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I'm not sure if I understand your final statement correctly. You want to create a separate objects for different effects and let all of them have:
Code:
int _dmg;
int _heal;
double _duration; // for dot (burn & poison) / heal over time

bool _stun;
bool _silence;
etc...


inside of them?

By the way, just to add something from me

I don't really see a problem with doing it like this: create an AbstractClass of entityEffect and which will only contain act() or Update(), onAdd(), hasDuration() function function like this
Code:
class entityEffect {
private:
   bool longTerm;
   EffectEnum type;
public:
virtual void onAdd(entity* Ent); // this will happen when you add an effect to an entity
virtual void act(entity* Ent); // this is continual action that happens perhaps on every turn, or every step, wherever you want to call it on the entity
bool isLongTerm(); // returns longTerm, only longTerm effects will be added to the Vector
}


and then have a different object for a different effect and Statuses like you planned originaly (from what i understand?) like this:
Code:
class Effect_heal: public entityEffect {
private:
   bool longTerm;
public:
   Effect_heal(); // initialize duration and type maybe?
   void onAdd(entity* Ent){
   Ent->changeHealth(10); // or -10 for damage
   // maybe play animation on entity if necessary
   }
   void act(entity* Ent){}// act is empty, no need for long term effects here, longTerm = false too.
}

class Effect_stun: public entityEffect {
private:
   EffectEnum type;
   bool longTerm;
public:
   Effect_stun(); // initialize whatever needs to be.
   void onAdd(entity* Ent){
   Ent->addStatus(type); // this will add the status
   }
   void act(entity* Ent){} // empty again, stun does nothing else I think, so longTerm = false anyway;
}

class Effect_blessing: public entityEffect {
private:
   int duration; // this is going to have a continous 5sec effect on the entity
   EffectEnum type;
   bool longTerm;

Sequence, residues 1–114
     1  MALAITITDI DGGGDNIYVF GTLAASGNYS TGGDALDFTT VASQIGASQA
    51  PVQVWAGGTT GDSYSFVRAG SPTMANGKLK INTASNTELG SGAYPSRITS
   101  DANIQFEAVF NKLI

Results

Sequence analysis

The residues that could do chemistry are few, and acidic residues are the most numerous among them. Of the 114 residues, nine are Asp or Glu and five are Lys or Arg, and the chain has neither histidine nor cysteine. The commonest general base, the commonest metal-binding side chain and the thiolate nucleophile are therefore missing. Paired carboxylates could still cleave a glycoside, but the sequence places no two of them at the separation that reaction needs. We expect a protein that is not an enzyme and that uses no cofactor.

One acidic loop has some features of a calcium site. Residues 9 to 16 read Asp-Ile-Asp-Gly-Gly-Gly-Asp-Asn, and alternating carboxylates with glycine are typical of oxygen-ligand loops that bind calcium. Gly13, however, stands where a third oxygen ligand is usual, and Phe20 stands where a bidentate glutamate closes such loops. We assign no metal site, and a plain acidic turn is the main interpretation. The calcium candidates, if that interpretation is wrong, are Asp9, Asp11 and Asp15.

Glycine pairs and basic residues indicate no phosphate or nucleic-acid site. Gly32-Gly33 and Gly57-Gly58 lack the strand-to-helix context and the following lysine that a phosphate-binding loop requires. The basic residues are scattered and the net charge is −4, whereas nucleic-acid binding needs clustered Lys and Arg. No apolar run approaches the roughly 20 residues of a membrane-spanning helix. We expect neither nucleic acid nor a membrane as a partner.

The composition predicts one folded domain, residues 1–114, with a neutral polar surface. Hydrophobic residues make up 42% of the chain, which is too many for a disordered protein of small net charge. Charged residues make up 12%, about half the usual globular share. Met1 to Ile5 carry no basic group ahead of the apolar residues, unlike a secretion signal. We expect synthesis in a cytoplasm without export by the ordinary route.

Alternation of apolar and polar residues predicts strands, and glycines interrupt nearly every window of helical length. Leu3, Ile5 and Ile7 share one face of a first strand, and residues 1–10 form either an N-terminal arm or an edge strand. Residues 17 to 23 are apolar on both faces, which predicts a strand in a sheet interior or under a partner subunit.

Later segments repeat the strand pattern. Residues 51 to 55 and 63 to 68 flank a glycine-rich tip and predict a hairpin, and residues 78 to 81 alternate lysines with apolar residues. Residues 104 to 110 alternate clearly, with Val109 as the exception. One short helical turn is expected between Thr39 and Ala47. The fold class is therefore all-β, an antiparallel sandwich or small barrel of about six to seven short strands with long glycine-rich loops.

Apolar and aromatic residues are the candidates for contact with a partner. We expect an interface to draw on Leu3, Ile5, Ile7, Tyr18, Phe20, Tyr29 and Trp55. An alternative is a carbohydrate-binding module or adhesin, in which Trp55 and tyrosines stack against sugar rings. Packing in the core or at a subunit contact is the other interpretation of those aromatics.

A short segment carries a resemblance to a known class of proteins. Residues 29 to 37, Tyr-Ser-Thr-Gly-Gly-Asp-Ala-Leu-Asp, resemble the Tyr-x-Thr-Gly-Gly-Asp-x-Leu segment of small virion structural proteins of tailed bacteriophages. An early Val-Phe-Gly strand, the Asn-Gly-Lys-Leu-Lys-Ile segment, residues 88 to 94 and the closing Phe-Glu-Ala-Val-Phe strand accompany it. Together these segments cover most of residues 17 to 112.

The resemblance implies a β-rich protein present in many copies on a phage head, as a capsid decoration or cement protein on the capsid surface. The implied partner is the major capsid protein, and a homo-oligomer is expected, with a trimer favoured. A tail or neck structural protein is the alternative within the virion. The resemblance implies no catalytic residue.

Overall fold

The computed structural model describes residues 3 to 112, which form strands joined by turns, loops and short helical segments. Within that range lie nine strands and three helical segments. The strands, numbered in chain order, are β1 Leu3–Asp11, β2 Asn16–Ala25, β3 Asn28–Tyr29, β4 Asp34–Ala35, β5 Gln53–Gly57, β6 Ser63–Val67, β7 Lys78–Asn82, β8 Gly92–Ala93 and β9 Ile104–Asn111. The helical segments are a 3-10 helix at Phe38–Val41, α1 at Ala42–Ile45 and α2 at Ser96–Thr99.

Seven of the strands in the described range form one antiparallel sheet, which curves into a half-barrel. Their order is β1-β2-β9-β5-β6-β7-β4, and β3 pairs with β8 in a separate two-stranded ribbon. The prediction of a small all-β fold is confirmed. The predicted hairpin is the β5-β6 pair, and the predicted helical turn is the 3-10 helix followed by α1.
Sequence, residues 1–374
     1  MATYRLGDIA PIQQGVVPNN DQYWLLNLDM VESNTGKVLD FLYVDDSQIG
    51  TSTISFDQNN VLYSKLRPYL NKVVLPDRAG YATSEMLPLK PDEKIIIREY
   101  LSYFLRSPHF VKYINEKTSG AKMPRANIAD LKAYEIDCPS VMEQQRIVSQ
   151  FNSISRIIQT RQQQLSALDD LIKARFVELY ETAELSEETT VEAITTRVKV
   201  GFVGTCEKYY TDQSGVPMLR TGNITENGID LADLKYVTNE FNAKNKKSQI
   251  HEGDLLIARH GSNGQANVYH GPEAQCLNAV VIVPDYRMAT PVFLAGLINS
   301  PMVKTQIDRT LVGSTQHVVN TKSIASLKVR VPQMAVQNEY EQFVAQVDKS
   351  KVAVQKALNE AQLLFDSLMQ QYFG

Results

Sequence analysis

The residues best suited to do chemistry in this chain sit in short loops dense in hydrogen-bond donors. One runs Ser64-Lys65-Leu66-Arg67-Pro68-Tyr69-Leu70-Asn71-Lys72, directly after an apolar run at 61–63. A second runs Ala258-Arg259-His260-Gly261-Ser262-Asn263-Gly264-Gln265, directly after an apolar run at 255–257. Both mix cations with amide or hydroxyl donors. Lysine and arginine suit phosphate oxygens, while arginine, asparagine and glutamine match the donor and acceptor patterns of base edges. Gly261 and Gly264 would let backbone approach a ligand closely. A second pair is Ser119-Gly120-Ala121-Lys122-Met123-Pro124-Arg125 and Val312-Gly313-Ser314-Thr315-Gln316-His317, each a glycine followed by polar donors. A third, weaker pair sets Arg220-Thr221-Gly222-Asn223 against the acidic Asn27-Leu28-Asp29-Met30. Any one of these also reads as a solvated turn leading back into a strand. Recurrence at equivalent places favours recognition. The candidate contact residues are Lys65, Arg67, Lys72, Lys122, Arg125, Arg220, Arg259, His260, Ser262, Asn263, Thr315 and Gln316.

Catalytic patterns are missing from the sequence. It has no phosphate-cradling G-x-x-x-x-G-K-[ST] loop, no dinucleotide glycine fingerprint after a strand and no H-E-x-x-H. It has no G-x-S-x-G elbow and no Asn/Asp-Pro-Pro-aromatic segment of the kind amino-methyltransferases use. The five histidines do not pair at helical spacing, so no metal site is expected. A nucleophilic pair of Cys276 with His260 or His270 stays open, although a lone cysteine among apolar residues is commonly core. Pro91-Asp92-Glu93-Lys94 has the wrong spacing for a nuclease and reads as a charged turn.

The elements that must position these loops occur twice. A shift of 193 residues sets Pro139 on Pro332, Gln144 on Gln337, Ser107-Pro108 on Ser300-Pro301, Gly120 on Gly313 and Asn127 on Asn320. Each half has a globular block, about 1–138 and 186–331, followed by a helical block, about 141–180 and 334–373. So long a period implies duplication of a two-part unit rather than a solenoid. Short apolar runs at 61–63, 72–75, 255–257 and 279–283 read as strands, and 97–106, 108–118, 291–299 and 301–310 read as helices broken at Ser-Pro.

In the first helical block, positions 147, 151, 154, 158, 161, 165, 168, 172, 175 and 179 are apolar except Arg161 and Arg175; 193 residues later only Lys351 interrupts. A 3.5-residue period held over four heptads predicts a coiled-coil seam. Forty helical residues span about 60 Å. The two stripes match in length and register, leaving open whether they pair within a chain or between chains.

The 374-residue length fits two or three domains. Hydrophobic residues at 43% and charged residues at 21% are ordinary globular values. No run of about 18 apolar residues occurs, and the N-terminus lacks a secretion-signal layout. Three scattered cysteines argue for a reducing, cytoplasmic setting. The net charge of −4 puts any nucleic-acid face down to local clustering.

public:
   Effect_blessing(); // initialize whatever needs to be.
   void onAdd(entity* Ent){
   Ent->addStatus(type); // this will add the blessing status
   }
   void act(entity* Ent){
   if(secondPassed()){
   duration--;
   Ent->changeHealth(3); // heals 3hp/s for 5 seconds
   }
   } // this now causes continous heal on the player
}


There might be some mistakes cause i wrote the whole thing on the wiki now and didn't test it.

the point now is, you can create as many different effects as you need and when an effect is thrown at an entity, the entity will check if it's a long term effect, if yes, add to Vector, if no leave it be. And after that it will call onAdd(this); to perform whatever action it supposed to perform when added to entity. then it will just cycle through the effects Vector and call Act(this); in apropriate time, like every second, every step, every turn, whatever you need it to be.

I forgot about this, but it would also be smart for the effect to remove it self from the vector if it's duration = 0 by calling something like Ent->removeFromVector(&this); Also as you can probably see here, i assume that the vector is of type EntityEffect* so it only stores adresses to different effects and not the effects them selves.

I apologize for every mistake I made in advance xD thanks

Edit: I made a few changes to the code because of the way I used private members in that AbstractClass made no sense, it's not exactly abstract now but I think it's more functional xD anyway, the code is not tested so I wrote it mostly for inspiration :d

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PostPosted: Wed Jan 08, 2014 8:46 pm 
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Woah! Much appreciated!
Yeah I wasn't sure if making each effect its own class was an okay idea. Honestly I wasn't 100% sure how the other way would work out (just giving each ability each of the possible member data that Effect objects would have, then set them appropriately when needed), but I feel like that would have become too convoluted.

I will try something like what you posted out and let you know how that goes. Thanks again! :)


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PostPosted: Thu Jan 09, 2014 11:30 am 
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if there are any problems with the code that you have trouble understanding or something you had to fix, please reply so other users can find the solution here :) or if you use a different approach or something let us/me know ^_^

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PostPosted: Fri Jan 10, 2014 3:07 pm 
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I didn't want to post since i feel all has been said but it's an interesting topic anyways :D

I usually have my magiceffects setup in a similar way
The baseclass will only manage the underlying behavior, not apply any effects/damage or anything

Code:
class EntityEffect
{
  Entity attacker, target;
  float duration; // can be set to 0 to oneshot the effect, or set to a time based duration